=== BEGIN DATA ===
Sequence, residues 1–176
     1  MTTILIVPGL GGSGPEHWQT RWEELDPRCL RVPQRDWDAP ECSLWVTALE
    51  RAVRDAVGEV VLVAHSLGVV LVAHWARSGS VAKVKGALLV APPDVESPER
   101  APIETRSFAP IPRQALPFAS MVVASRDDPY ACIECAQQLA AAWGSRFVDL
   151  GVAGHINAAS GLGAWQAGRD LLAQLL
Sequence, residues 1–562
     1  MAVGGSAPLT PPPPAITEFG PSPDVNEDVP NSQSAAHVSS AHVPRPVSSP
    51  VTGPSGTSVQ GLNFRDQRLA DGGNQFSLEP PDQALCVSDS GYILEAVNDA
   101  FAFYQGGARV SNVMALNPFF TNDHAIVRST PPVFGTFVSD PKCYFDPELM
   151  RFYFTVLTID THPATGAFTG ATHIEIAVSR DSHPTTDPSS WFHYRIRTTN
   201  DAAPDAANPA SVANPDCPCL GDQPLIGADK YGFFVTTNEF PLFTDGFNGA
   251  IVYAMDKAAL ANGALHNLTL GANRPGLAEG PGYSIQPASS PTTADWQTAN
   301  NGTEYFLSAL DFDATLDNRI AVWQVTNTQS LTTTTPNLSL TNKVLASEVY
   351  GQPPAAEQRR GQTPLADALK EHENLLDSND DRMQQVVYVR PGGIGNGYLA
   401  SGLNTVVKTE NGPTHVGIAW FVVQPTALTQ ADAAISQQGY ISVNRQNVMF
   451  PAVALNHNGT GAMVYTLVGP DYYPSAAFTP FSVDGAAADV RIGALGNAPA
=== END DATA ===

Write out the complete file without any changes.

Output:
Sequence, residues 1–176
     1  MTTILIVPGL GGSGPEHWQT RWEELDPRCL RVPQRDWDAP ECSLWVTALE
    51  RAVRDAVGEV VLVAHSLGVV LVAHWARSGS VAKVKGALLV APPDVESPER
   101  APIETRSFAP IPRQALPFAS MVVASRDDPY ACIECAQQLA AAWGSRFVDL
   151  GVAGHINAAS GLGAWQAGRD LLAQLL
Sequence, residues 1–562
     1  MAVGGSAPLT PPPPAITEFG PSPDVNEDVP NSQSAAHVSS AHVPRPVSSP
    51  VTGPSGTSVQ GLNFRDQRLA DGGNQFSLEP PDQALCVSDS GYILEAVNDA
   101  FAFYQGGARV SNVMALNPFF TNDHAIVRST PPVFGTFVSD PKCYFDPELM
   151  RFYFTVLTID THPATGAFTG ATHIEIAVSR DSHPTTDPSS WFHYRIRTTN
   201  DAAPDAANPA SVANPDCPCL GDQPLIGADK YGFFVTTNEF PLFTDGFNGA
   251  IVYAMDKAAL ANGALHNLTL GANRPGLAEG PGYSIQPASS PTTADWQTAN
   301  NGTEYFLSAL DFDATLDNRI AVWQVTNTQS LTTTTPNLSL TNKVLASEVY
   351  GQPPAAEQRR GQTPLADALK EHENLLDSND DRMQQVVYVR PGGIGNGYLA
   401  SGLNTVVKTE NGPTHVGIAW FVVQPTALTQ ADAAISQQGY ISVNRQNVMF
   451  PAVALNHNGT GAMVYTLVGP DYYPSAAFTP FSVDGAAADV RIGALGNAPA